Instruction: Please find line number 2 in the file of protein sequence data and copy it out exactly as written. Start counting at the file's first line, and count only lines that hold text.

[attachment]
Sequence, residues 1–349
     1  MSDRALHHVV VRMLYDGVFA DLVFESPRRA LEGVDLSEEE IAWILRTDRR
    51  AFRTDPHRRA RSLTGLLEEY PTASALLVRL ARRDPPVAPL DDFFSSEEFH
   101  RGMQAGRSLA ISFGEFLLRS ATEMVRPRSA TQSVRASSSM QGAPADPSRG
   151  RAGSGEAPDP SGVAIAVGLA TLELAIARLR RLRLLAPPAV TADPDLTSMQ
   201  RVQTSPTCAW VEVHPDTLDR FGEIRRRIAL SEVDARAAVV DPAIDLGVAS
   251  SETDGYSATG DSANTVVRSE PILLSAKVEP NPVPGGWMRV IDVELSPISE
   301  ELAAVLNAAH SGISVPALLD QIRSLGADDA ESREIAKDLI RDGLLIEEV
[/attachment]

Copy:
     1  MSDRALHHVV VRMLYDGVFA DLVFESPRRA LEGVDLSEEE IAWILRTDRR